Principal for a Day
I had the pleasure of serving as Principal for a Day at Arizona School for the Arts (ASA) on October 27 via a program put on by HandsOn Greater Phoenix. The newly revived/revamped program this year paired about 25 business leaders and principals, and is designed to foster more meaningful, longer-term relationships between the participants
I became aware of this opportunity through my participation in Valley Leadership and was delighted to be selected and paired with Leah Fregulia Roberts, head of school/CEO of ASA. This pairing speaks directly to my passion for the arts – my day job is as manager for individual giving at the Musical Instrument Museum, and I serve on several music-related boards, as well as perform as a flutist and singer. My Principal for a Day experience began with a great training session led by HandsOn Greater Phoenix president & CEO Rhonda Oliver and youth program manager Sharifa Rowe which covered everything from the similarities and differences within the operating frameworks of schools and businesses to education in Arizona today to the building blocks of an effective partnership.
During my day at ASA, I had the pleasure of meeting not only with Leah but also with arts director Laura Apperson, principal Sara Maline Bohn, chief development officer Lyn Marquis, and student ambassador Alex Nunez. I learned about the history of the school, the unique challenges facing charter schools, and was invited to sit in on a construction meeting over lunch (regarding the new building which is currently being constructed ASA’s campus). The day ended with my favorite experience – a tour of arts classes in progress during which I got to peek into a theater directing class and ballet class, as well as choir, band, and orchestra rehearsals. Check out this video from Know99 TV to get a peek into what my day was like!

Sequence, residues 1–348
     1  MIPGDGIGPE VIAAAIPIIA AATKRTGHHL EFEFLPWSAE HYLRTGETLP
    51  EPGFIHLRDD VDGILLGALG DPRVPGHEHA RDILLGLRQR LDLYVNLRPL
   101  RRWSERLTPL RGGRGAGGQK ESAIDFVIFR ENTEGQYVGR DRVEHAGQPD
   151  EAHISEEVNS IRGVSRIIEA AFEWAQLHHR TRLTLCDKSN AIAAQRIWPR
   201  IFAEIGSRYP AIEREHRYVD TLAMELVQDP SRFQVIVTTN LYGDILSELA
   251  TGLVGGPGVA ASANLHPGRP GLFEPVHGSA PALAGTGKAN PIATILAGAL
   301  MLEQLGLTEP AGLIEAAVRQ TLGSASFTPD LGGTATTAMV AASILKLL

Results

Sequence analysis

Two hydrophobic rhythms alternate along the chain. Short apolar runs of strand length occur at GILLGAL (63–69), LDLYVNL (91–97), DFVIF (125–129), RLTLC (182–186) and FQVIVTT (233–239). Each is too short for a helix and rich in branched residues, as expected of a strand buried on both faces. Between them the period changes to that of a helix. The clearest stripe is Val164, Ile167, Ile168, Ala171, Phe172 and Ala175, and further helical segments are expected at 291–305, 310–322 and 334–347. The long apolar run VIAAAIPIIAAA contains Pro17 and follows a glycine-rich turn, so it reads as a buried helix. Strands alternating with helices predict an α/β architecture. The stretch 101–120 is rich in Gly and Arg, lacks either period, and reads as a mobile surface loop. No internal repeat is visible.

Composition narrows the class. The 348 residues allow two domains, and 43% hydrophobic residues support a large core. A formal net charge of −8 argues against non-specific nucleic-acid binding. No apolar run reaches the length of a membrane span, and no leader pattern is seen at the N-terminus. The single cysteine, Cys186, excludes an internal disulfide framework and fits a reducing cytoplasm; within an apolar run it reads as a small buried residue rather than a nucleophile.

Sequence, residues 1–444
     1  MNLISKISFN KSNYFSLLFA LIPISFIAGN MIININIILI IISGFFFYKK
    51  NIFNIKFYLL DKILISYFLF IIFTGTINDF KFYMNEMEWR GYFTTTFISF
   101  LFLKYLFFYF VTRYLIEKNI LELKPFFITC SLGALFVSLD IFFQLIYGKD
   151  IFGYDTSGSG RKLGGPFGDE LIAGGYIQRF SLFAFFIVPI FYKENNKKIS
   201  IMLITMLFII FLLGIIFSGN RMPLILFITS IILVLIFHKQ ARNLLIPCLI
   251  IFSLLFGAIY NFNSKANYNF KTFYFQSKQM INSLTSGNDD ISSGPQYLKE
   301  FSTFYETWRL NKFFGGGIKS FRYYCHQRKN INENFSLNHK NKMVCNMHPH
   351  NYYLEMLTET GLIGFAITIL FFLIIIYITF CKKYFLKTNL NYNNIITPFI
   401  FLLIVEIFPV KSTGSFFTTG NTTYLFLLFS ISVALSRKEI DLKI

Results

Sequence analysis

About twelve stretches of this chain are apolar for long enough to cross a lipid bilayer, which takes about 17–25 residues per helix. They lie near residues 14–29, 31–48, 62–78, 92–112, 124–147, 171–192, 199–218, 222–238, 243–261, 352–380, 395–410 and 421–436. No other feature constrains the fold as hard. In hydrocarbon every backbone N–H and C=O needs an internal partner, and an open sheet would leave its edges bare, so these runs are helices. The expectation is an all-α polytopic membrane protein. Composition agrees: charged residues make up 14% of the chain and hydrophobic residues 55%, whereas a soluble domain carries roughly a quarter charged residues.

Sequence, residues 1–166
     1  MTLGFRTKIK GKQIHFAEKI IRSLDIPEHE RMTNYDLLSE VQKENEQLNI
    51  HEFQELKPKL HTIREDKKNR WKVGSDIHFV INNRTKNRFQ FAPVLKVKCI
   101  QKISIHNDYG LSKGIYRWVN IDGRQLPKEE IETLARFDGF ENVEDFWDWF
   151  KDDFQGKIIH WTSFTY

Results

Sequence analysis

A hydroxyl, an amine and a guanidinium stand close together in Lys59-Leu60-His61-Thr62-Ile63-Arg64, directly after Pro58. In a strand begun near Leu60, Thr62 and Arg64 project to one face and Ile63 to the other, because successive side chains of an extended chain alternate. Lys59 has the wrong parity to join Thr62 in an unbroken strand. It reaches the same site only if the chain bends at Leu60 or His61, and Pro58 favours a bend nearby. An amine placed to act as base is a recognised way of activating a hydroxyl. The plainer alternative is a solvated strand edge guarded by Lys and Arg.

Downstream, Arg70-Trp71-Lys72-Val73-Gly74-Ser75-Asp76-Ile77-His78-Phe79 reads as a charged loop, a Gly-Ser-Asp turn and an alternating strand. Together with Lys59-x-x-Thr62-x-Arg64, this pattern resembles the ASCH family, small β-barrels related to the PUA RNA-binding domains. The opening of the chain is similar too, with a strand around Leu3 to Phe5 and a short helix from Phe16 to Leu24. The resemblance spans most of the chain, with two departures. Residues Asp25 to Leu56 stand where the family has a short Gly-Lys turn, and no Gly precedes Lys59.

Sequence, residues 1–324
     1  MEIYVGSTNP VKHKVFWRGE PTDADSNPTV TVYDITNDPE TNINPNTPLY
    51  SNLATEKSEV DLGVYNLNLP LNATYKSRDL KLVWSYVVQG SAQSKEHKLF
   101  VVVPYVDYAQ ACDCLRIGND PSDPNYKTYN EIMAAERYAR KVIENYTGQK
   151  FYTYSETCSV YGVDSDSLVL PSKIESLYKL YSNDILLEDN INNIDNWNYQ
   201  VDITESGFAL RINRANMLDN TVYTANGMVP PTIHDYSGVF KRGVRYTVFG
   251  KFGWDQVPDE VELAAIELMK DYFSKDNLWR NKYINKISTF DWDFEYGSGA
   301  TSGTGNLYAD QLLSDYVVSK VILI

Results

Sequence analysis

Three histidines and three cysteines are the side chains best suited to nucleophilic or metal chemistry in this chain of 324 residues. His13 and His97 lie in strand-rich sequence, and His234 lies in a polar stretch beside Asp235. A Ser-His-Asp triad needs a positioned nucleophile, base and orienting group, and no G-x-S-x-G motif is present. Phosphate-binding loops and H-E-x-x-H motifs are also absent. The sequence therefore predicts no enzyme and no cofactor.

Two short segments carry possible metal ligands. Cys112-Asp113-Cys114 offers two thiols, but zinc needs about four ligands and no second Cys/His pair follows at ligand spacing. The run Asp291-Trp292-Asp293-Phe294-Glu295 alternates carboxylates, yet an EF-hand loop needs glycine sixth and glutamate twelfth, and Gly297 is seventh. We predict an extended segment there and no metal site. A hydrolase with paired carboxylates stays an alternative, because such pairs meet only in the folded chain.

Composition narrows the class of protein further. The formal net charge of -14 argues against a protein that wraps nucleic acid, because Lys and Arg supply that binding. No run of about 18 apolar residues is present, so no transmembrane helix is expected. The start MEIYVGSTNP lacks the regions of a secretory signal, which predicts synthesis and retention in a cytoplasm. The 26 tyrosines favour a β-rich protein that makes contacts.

I came away from the day inspired and invigorated to see so many students receiving rigorous academic instruction and also passionately pursuing their study of the arts. I learned a great deal about how charter schools function, and was impressed by the statistics that Leah shared about ASA’s last graduating class (who received $2.5M in scholarships, 10% of whom were National Merit scholars, and 50% of whom qualified for AIMS scholarships.)
Whether these students go on to pursue careers in the arts or not, they will be lifelong audience members, advocates, and champions of the arts. And I have no doubt that many of them will pursue careers as performers or in roles that are connected to the arts in other ways. I look forward to a continued relationship with ASA and to exploring the many ways in which MIM and organizations I am involved with can collaborate with the school. I am happy to report that Leah and I have scheduled monthly meetings to keep the conversation going, and have already had our first follow-up meeting to start discussing ideas including:
- Exploring opportunities for ASA students to perform at MIM
- Promoting internship opportunities at MIM to ASA students and alumni
- Encouraging ASA alumni to volunteer at MIM
- Holding a career fair at ASA in which we would bring various emerging nonprofit leaders in to talk about all of the career opportunities in the non-profit world, especially focusing on those within the arts.
I encourage anyone who has the opportunity to participate in a Principal for a Day program to do so. While the challenges facing schools today are daunting, there is much to celebrate, and I applaud the great work that the team at ASA is doing right here in our own backyard.
Maureen Baker is the Manager for Individual Giving at the Musical Instrument Museum, serves on the board of YNPN Phoenix and on the core team of Emerging Arts Leaders of Phoenix, is a co-founder of Classical Revolution PHX, and is a member of Valley Leadership Class 33. Maureen is also flutist and co-founder of the Siroccan Winds wind quintet and a member of the soprano section of Scottsdale Choral Artists.